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RESPONSIBLE INVESTMENT

Investing in the well-being of the world

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Our vision
Responsible investing is no longer a question of why, but why not? 

Hanneke Smits

Global Head of Investment Management

 

Hanneke Smits named

Global Chair of 30% Club

 

 

 

 

We are trusted stewards of our clients’ assets
 

Creating prosperity for our clients while supporting companies we believe offer a sustainable future is a shared objective across BNY Mellon Investment Management. Using ESG data alongside conventional financial factors, our specialist investment firms analyse multiple perspectives to identify the opportunities they believe can deliver long-term value.
 

As one of the largest asset managers in the world we are a significant part of the financial system. We strive to respond to the most pressing global issues – social as well as financial. We are invested in the well-being of the world. To do so we engage with companies to create more effective risk management, responsible capital allocation and more sustainable business practices to generate greater benefits for our societies, economies and the environment.
 

Because we believe in being responsible. Because it is investing as it should be.

 

 

 

 

 

 

 

 

Our credentials

We’re ready

 

Our history in responsible investing dates back more than 40 years. Our investment firms are industry leaders. For decades they have been concerned with, and interested in, the repercussions diversity, the environment and labour practices can have on the profitability and longevity of the companies in which they invest. Despite the wealth of experience we possess, we recognise Responsible Investment is still in its infancy – a nascent trend consuming our industry. Here’s why we’re prepared.

 

  Talk to us about responsible investing

 

 

Our investment firms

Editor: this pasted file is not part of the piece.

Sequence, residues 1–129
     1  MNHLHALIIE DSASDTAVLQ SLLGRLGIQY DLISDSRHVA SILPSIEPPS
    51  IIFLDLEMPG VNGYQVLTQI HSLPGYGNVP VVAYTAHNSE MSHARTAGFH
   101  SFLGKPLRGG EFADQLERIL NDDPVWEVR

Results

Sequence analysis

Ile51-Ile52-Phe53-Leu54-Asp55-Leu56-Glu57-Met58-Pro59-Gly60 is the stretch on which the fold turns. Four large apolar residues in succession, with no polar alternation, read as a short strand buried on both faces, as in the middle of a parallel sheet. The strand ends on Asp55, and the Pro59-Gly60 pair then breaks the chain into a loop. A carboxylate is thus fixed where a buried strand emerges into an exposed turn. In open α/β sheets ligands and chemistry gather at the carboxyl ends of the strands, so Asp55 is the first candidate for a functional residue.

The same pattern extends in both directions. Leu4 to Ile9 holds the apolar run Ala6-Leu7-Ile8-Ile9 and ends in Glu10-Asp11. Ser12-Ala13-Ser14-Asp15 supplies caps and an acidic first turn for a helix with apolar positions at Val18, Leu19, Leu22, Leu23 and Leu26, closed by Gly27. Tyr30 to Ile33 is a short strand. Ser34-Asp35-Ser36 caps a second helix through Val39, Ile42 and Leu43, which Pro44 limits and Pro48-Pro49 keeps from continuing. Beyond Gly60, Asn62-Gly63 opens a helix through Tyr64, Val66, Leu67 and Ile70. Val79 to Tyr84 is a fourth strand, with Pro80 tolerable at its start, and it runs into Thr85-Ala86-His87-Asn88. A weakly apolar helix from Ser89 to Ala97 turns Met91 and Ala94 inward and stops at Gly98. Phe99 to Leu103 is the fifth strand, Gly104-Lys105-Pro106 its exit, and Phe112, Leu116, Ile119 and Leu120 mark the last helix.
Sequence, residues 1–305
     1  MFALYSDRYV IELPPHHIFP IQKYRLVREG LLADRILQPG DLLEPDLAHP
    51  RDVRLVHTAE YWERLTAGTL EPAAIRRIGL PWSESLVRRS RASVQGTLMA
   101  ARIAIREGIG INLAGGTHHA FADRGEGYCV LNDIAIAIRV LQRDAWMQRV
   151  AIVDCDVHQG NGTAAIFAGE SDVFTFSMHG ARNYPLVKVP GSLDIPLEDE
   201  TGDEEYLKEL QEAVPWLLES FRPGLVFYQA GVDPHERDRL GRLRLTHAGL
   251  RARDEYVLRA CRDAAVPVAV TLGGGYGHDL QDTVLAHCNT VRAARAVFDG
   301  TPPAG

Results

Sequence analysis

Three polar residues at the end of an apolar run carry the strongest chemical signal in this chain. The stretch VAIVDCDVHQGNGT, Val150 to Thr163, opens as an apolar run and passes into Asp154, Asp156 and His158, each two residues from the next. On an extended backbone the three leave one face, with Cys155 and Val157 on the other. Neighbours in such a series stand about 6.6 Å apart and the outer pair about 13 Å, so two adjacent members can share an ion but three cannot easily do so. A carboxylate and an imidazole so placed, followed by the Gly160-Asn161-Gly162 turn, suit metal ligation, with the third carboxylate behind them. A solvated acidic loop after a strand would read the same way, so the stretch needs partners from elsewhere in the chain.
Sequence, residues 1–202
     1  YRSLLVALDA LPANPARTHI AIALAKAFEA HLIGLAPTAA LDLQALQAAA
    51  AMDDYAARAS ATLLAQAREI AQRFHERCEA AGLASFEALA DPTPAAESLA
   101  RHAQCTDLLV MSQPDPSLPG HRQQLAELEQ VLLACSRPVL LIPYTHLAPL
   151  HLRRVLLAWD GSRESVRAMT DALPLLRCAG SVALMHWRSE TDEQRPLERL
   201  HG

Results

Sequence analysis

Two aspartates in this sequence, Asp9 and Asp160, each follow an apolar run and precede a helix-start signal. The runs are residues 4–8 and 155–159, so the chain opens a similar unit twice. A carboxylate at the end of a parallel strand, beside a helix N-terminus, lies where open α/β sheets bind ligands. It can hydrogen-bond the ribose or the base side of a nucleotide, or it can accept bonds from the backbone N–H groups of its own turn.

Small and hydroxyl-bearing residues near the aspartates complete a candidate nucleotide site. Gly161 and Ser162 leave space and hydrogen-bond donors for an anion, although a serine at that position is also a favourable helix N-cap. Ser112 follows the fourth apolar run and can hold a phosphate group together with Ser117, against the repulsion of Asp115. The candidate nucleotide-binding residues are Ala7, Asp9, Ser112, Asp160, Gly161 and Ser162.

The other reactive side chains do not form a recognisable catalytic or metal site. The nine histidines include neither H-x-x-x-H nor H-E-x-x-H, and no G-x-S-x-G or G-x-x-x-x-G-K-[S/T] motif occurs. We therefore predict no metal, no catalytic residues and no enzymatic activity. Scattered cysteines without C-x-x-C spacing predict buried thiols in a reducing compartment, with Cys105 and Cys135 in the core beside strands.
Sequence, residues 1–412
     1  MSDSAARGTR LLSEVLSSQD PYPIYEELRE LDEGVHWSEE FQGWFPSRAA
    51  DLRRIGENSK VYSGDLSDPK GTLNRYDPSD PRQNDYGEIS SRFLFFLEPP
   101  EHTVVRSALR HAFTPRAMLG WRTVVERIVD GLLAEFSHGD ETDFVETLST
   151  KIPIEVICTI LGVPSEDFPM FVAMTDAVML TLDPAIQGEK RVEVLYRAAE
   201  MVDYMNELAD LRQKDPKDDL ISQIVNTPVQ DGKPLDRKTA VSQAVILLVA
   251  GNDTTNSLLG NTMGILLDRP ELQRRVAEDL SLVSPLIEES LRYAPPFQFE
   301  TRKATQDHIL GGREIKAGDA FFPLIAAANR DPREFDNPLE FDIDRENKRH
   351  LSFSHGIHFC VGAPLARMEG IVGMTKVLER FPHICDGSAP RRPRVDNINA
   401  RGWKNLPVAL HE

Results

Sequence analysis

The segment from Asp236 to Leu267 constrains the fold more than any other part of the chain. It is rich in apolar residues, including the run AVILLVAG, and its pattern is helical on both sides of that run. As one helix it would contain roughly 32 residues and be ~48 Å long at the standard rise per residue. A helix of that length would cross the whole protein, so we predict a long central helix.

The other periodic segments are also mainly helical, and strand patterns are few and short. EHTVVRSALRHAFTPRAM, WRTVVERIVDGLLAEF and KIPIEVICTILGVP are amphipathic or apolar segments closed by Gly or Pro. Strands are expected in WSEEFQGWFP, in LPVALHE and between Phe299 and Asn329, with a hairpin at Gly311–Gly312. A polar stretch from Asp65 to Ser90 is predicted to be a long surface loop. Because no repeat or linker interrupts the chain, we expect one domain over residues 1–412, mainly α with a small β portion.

Our specialist investment firms have their own individual investment processes and culture. Yet we all have a core belief in common – that investing responsibly on behalf of our clients will help us to create the world and the future we all wish to see.

 

 

 

 

The value of investments can fall. Investors may not get back the amount invested. Income from investments may vary and is not guaranteed.

 

 

Responsible Investing Funds and Strategies

Sustainable Funds from Newton

Newton’s sustainable strategies aim to invest in sustainable sovereign bonds, and attractive companies with what managers believe to be sustainable business practices and no material, unresolvable ESG issues.

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Responsible Horizons funds from Insight

Many investors are looking to achieve a positive environmental or social impact – to invest in sustainable businesses that will stand the test of time. Insight’s Responsible Horizons strategies looks to reflect long-term themes such as climate change and social inequality. They harness research powered by Insight’s proprietary Prime tool, which emphasises the best and avoids the worst performers on ESG issues.

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What is ESG? A tool, not a discrete investment strategy

Examples of key Environmental, Social and Governance (ESG) factors

Articles

 

 

 

 

 

 

Glossary – key terms
 

As Responsible Investment (RI) evolves, so do the definitions. There is currently a lack of industry standardisation on responsible investing terminology and many terms are used interchangeably. To clearly define how we think about RI at BNY Mellon Investment Management, we have provided the following definitions:

 

Best-in-class/positive screening: a rules-based approach to preferentially tilt a portfolio towards investment in sectors, companies or projects selected for positive, or best-in-class ESG characteristics relative to industry peers.

 

Enterprise ESG:Enterprise ESG describes “Who we are” – it is an approach that drives the culture at BNY Mellon, informs our responsible business practices and inspires our global citizenship. By implementing responsible, sustainable practices in the way we operate the company and conduct ourselves, we contribute to sustainable economic growth that helps protect healthy markets, enhances our own business resiliency and longevity, and aims to deliver positive impact for key stakeholders.

Note: This was formerly referred to as CSR (Corporate Social Responsibility).

 

ESG integration: The systematic and explicit incorporation of Environmental, Social and Governance factors into financial analysis and investment decisions to seek to better manage risks and improve returns. ESG Integration is one part of the investment process, investment decisions may not be based solely on these considerations. BNY Mellon IM firms could conclude that other considerations outweigh ESG factors when making investment decisions. Firms are not required to apply “red lines”, hurdle rates or benchmarks in order to fall under this category.